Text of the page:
Rajen Harshe is one of those rare individuals who through their lives have played many roles. He has been and will no doubt remain an activist, scholar, teacher and institution-builder. To get a better sense of what this book offers and why it has been written the way it has, knowing the background of the author matters. Harshe is Professor in the field of international relations at Hyderabad Central University and has always had a special interest in Africa. Noted scholar and author of many academic books and articles appearing in prestigious journals, he has also been a public intellectual unafraid to take positions on and participate in civil society actions on a range of progressive causes. Finally, he has served in various senior level academic administrative positions and served a full term as Vice-Chancellor of Allahabad University (AU) from 2005 to 2010.’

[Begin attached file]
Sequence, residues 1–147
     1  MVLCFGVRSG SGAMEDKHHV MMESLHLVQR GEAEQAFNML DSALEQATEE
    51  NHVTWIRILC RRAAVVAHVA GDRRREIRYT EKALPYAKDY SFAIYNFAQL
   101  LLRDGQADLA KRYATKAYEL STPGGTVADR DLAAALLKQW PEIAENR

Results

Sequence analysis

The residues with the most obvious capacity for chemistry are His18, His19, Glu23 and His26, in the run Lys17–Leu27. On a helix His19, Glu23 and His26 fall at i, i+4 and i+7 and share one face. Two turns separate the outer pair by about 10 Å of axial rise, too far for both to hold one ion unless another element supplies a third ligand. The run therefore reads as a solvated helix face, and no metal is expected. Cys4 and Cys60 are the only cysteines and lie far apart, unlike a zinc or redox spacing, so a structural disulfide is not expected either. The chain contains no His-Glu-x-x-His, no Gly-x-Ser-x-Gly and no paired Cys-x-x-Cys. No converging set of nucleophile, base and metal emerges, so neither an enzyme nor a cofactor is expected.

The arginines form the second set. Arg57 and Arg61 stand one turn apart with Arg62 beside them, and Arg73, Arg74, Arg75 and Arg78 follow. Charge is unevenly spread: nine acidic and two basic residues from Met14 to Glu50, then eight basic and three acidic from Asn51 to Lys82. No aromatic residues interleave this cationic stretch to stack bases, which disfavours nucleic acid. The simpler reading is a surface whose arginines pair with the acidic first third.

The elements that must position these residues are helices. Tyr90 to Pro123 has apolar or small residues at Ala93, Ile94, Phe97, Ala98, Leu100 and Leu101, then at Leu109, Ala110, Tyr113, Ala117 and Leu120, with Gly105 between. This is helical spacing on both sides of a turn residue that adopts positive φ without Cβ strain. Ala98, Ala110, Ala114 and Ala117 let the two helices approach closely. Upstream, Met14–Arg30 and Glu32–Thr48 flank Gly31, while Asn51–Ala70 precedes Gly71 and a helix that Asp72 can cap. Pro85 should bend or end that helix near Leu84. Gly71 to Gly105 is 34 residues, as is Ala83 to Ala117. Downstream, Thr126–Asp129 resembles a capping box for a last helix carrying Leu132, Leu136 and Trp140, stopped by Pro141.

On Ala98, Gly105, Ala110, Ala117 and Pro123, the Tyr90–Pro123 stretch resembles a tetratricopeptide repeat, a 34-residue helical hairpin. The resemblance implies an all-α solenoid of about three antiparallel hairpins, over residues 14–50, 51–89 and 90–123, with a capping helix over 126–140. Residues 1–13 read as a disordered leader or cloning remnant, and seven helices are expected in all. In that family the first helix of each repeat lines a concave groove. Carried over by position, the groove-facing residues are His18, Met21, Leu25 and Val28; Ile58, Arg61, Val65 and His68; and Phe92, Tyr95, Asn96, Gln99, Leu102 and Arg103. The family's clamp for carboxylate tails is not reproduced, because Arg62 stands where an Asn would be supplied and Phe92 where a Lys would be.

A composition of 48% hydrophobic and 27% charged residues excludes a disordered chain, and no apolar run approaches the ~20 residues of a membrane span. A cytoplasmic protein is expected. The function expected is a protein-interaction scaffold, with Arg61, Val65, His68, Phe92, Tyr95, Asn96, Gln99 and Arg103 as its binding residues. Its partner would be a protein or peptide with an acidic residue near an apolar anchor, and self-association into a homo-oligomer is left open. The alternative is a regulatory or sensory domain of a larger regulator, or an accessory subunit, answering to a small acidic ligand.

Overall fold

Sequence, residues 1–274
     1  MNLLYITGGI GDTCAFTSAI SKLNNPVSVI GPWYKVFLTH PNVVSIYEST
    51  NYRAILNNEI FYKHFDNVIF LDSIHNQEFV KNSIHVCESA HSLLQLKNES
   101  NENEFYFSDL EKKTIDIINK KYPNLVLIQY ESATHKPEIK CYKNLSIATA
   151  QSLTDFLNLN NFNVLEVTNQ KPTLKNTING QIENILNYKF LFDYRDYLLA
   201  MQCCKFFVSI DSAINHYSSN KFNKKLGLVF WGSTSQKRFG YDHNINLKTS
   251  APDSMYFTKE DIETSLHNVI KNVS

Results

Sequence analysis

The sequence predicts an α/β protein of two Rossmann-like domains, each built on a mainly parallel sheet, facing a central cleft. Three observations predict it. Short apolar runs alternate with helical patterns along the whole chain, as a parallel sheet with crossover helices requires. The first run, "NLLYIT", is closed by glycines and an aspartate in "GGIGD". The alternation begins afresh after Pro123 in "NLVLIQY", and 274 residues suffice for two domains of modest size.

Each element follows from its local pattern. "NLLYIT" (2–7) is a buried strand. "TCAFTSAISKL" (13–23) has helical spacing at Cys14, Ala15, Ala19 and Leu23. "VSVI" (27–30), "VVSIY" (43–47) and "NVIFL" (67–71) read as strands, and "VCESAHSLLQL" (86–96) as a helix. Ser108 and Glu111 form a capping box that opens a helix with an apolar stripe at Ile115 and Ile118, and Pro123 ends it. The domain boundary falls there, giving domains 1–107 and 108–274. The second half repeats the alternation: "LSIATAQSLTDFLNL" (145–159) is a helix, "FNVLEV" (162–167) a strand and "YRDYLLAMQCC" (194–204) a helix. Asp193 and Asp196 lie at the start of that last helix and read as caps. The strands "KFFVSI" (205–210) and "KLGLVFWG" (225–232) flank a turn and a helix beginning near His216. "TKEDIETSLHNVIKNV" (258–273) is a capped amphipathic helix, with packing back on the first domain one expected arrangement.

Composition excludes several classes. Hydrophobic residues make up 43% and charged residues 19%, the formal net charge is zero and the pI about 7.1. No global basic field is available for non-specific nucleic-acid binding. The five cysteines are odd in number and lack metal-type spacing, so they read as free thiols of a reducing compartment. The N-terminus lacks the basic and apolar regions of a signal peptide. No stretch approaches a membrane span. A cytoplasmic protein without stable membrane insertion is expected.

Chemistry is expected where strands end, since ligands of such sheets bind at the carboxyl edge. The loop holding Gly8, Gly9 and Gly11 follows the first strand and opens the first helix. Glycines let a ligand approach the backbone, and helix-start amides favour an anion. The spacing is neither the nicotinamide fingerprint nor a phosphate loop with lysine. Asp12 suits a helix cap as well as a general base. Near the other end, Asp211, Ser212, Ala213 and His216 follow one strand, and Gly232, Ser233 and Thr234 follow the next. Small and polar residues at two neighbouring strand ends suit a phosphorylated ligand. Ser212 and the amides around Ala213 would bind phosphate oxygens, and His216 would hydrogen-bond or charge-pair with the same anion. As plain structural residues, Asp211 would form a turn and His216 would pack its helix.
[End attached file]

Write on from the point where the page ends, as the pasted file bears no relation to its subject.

During this time Harshes determination to restore AU to something like its earlier academic glory made him many friends but also many enemies within and outside AU, namely a nexus of money power, muscle power and political parties that did not hesitate to physically threaten and browbeat him. Despite the very severe, indeed life threatening toll this took on him he succeeded, with much support from both inside and outside AU, in pushing through reforms that have left the university a lot better off than when he first entered. If this book in part reflects that often traumatic experience and the lessons learnt thereof about the more general problems in higher education in India, it is also much more than that. Harshes early upbringing in a Marathi cultural ethos that was fairly anti-imperialist inspired in him an enduring idealism, a love of literature and poetrythe subtitle of this book is derived from a poem Gypsy by Manjesh Padgaonkaras well as a strong cosmopolitan bent that no doubt pushed him professionally into the field of international relations.